Overture – The Hebrides (Fingal’s Cave), Op.26
Violin Concerto in E minor, Op.64
Symphony No.6 in D, Op.60
Vadim Gluzman (violin)
Royal Scottish National Orchestra
Reviewed by: Douglas Cooksey
Reviewed: 11 November, 2011
Venue: Usher Hall, Edinburgh
How wonderful once more to see a packed Usher Hall. Whether it was the combination of two of Mendelssohn’s most-popular works with one of Dvořák’s finest if less frequently played symphonies or the U26 effect (U26 is an RSNO scheme by which anyone under that age can buy a ticket for £5), this was a winning formula. The sense of occasion which a full house engenders was palpable.
The Hebrides provided the least satisfactory music-making. Tomas Hanus is a Czech conductor in his 40s who studied in Brno and has made his name primarily in opera. Although the Overture had its moments, notably a magical account of the clarinet solo at the close, for the most part Hanus’s lugubrious base tempo – which alternated with contrasting bursts of frenetic activity (marked by some particularly raucous trumpets; at climaxes The Flying Dutchman came to mind) – gave little sense of the music’s natural rise and fall.
Complete and welcome contrast came with an outstandingly stylish account of the Violin Concerto. Vadim Gluzman was the winner of the Henryk Szeryng Award in 1994 and his playing reminds of Szeryng, at once warm, elegant and spontaneous. Hanus’s experience with singers served him well, the RSNO providing an accompaniment that fitted Gluzman like a glove. Highlights included an unusually secure account of the first-movement cadenza and a heartfelt but unsentimental Andante; the finale glittered with gossamer lightness. Gluzman plays Leopold Auer’s 1690 Stradivarius, on loan from the Stradivari Society of Chicago, and in the now almost-obligatory Bach encore one has seldom heard such beautiful violin sound.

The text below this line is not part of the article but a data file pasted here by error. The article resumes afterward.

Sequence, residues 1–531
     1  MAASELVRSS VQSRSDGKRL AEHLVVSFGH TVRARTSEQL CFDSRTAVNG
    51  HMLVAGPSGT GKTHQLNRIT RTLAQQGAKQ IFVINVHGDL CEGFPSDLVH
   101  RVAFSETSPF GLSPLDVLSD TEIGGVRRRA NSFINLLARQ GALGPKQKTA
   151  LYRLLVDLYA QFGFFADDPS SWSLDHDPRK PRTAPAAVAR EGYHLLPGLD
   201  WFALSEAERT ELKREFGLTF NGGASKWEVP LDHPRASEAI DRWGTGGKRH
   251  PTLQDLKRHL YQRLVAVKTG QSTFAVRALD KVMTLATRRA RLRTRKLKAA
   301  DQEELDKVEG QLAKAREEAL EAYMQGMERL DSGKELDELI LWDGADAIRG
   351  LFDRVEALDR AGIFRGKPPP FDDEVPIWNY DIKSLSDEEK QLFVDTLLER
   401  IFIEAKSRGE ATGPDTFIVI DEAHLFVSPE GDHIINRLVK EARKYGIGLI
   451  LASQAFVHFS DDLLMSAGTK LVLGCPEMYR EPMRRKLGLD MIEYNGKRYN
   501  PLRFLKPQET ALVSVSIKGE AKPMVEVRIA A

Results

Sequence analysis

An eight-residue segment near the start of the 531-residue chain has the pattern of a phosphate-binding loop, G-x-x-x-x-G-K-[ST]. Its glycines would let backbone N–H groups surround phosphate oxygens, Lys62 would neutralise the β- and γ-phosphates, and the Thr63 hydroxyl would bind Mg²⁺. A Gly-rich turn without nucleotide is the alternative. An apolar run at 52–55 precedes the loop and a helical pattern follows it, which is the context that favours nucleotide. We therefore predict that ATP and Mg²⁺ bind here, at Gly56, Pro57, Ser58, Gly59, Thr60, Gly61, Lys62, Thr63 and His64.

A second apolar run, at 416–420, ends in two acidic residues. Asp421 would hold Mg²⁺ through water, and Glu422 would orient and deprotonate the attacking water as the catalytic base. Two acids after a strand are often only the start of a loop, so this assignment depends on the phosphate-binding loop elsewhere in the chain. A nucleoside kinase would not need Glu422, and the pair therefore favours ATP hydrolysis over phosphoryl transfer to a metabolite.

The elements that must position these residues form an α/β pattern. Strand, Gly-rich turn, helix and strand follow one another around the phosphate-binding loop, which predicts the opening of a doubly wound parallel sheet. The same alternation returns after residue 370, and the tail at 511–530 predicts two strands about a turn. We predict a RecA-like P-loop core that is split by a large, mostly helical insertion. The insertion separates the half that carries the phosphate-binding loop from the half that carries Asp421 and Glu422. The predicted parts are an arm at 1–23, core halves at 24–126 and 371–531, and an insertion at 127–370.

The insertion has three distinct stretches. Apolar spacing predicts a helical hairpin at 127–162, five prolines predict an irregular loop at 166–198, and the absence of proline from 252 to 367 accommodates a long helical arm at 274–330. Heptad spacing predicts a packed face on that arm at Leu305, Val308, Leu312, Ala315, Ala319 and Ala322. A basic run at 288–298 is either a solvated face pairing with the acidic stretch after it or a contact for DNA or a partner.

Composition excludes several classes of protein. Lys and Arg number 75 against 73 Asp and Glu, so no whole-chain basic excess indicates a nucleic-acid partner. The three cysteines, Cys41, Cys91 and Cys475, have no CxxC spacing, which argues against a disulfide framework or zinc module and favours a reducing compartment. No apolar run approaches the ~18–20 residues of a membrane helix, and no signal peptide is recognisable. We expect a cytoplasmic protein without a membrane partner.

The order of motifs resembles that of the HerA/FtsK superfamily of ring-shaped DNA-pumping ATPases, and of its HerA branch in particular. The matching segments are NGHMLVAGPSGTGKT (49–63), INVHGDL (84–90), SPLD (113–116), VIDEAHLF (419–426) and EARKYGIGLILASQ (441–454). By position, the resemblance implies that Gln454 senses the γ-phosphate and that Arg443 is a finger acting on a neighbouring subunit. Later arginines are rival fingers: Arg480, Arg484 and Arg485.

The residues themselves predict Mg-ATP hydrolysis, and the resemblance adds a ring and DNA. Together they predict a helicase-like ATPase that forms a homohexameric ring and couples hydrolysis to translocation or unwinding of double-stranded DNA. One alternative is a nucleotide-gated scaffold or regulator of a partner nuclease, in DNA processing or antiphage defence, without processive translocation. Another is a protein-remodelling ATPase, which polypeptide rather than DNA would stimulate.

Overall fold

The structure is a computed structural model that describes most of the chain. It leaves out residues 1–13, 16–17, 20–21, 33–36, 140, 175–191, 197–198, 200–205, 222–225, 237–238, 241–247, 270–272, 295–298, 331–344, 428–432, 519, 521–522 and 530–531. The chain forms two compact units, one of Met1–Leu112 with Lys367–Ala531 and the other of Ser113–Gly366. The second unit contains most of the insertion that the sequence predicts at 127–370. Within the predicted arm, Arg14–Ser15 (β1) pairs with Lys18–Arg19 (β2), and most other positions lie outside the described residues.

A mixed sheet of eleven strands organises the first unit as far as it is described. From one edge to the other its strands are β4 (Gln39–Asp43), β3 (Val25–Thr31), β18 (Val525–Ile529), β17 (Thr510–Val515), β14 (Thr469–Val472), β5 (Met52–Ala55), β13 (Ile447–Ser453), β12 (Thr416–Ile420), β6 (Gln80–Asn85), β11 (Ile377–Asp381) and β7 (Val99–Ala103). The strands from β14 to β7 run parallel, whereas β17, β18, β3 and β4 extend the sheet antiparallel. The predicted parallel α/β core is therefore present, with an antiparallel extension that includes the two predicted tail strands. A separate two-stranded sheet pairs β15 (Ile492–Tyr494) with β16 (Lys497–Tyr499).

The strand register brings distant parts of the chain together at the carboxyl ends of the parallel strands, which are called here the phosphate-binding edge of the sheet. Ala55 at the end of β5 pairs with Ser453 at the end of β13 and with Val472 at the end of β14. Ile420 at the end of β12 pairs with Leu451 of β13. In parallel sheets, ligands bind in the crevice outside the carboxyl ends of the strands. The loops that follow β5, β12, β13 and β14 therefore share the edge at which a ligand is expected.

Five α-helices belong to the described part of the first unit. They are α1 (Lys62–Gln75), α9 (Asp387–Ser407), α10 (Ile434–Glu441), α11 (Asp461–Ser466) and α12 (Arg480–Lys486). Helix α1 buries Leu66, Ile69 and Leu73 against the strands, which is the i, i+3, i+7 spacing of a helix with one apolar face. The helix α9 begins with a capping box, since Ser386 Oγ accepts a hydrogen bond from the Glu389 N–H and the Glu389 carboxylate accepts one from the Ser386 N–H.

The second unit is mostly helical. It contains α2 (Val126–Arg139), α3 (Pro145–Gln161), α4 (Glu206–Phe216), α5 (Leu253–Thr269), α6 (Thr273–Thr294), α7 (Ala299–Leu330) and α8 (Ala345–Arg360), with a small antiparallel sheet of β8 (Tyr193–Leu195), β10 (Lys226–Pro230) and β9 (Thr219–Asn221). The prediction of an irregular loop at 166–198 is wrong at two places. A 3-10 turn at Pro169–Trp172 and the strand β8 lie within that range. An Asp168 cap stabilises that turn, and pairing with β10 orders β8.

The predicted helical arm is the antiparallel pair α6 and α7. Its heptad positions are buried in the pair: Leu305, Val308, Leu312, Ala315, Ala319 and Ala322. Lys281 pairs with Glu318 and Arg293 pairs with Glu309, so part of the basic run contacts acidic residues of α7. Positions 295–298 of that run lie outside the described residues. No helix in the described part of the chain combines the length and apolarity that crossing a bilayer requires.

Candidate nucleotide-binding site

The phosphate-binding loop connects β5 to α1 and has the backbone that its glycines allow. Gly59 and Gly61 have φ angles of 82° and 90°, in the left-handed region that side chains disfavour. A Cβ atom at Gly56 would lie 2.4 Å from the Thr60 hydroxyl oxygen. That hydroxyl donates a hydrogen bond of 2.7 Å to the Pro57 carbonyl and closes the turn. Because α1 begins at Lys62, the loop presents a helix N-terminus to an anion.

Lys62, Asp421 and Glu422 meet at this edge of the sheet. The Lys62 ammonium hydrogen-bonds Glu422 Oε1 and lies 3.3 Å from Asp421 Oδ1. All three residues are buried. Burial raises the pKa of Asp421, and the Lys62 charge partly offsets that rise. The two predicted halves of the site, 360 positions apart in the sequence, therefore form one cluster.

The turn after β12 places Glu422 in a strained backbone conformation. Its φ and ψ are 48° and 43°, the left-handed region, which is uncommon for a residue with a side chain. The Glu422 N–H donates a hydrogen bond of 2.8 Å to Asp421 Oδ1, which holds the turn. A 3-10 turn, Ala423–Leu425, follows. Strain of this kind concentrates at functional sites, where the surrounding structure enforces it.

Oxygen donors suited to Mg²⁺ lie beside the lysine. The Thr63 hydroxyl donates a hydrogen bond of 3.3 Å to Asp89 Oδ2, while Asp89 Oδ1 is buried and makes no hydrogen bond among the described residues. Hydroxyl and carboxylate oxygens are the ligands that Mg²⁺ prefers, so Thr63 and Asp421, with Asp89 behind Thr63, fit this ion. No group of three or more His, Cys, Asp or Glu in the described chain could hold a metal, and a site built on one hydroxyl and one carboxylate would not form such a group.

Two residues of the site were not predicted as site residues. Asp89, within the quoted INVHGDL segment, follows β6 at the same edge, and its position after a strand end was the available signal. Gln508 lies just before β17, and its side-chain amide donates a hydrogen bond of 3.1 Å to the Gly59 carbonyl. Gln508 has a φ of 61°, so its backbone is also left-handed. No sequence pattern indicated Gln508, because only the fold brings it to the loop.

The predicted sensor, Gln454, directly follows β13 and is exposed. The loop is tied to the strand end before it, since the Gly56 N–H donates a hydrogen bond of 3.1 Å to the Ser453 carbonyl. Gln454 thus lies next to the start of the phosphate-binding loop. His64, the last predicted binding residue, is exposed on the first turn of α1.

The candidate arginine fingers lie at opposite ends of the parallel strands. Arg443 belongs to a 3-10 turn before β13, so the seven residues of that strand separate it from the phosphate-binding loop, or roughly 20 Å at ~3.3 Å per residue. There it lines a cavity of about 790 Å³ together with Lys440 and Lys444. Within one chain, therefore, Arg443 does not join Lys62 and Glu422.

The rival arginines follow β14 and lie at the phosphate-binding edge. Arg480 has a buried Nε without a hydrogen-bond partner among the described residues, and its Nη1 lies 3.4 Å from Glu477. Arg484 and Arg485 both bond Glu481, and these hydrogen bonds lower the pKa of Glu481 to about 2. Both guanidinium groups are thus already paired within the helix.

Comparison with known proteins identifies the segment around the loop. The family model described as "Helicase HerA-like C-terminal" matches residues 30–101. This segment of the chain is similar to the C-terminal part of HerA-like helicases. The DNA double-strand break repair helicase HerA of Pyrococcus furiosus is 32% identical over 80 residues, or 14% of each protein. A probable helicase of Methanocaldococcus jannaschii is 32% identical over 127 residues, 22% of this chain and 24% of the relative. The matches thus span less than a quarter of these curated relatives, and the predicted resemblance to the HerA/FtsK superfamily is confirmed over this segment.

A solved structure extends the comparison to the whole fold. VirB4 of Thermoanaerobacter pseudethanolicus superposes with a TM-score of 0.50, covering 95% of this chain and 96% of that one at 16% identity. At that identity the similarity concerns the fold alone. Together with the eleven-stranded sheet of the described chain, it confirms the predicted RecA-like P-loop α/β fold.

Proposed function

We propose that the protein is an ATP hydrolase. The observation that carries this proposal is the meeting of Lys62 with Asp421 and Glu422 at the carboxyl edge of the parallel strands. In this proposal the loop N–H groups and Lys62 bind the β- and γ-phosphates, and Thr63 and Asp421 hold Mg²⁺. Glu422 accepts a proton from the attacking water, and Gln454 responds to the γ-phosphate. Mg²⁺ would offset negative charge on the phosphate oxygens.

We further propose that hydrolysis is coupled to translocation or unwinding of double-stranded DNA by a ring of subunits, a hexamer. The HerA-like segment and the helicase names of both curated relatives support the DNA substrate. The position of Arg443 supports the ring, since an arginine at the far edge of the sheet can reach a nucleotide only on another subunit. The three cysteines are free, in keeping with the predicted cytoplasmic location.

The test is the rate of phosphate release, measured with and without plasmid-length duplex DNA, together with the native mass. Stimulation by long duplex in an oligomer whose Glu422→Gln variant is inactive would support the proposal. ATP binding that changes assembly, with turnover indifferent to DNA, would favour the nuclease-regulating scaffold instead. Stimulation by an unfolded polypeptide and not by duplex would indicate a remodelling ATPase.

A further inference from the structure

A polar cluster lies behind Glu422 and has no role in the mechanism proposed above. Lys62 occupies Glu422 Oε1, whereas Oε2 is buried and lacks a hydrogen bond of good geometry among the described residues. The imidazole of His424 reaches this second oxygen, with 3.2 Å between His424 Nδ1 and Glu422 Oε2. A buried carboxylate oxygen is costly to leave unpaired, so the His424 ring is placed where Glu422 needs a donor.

The performance of Dvořák’s Sixth Symphony succeeded in being both magnificent and infuriating. In its unpredictability it was never boring. Hanus’s lingeringly affectionate reading used the widest range of speeds. This paid fewest dividends in the first movement (no exposition repeat) where he might almost have been conducting a symphonic poem rather than a symphony, so exaggerated was his response to every passing incident; evident affection succeeded by moments of acute over-emphasis; perversely, given the lack of symphonic momentum, the expansive easing into the development was wonderfully atmospheric. Far more successful were the middle movements, the four woodwind principals covering themselves in glory in the most tender of introductions to the slow movement and with the strings then producing some radiant pianissimos. The ‘Furiant’-scherzo had a fine spring and the enormously laid-back trio somehow worked and tugged at the heartstrings. Despite some occasionally ragged brass playing, the finale was delivered with such unfettered commitment that one entirely forgave its occasional banalities and resoundingly grandiloquent conclusion.